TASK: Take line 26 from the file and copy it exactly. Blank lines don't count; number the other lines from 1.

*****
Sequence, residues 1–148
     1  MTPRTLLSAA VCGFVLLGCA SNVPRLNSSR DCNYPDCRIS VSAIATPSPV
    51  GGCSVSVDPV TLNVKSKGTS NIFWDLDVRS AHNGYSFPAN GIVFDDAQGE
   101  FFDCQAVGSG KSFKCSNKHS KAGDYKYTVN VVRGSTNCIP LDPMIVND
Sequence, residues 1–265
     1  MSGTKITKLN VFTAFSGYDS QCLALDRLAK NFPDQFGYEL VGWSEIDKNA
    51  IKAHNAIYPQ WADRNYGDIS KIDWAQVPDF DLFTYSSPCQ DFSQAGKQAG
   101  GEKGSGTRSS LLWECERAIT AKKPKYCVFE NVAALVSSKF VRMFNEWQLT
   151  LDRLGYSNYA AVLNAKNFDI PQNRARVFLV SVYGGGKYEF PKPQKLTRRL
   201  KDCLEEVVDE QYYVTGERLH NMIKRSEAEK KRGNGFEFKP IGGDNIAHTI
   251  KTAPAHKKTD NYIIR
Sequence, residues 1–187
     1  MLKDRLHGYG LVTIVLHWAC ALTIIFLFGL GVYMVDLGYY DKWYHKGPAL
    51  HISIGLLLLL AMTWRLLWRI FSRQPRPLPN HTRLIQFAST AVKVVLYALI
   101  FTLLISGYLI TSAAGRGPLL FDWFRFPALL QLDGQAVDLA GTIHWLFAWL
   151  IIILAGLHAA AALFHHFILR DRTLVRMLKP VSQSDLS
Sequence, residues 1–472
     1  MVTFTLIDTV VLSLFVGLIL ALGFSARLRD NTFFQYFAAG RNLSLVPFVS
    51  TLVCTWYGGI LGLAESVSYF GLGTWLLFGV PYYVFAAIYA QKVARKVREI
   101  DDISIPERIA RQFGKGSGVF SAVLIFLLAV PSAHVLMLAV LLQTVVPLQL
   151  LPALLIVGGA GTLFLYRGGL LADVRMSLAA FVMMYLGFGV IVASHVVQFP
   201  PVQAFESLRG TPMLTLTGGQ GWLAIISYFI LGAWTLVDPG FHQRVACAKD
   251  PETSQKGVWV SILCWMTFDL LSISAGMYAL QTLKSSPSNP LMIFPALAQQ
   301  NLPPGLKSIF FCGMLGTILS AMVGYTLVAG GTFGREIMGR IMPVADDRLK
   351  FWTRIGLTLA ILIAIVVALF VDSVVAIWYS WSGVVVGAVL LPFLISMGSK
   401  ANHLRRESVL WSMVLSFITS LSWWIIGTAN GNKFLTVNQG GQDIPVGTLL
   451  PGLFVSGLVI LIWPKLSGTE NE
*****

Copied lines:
   401  ANHLRRESVL WSMVLSFITS LSWWIIGTAN GNKFLTVNQG GQDIPVGTLL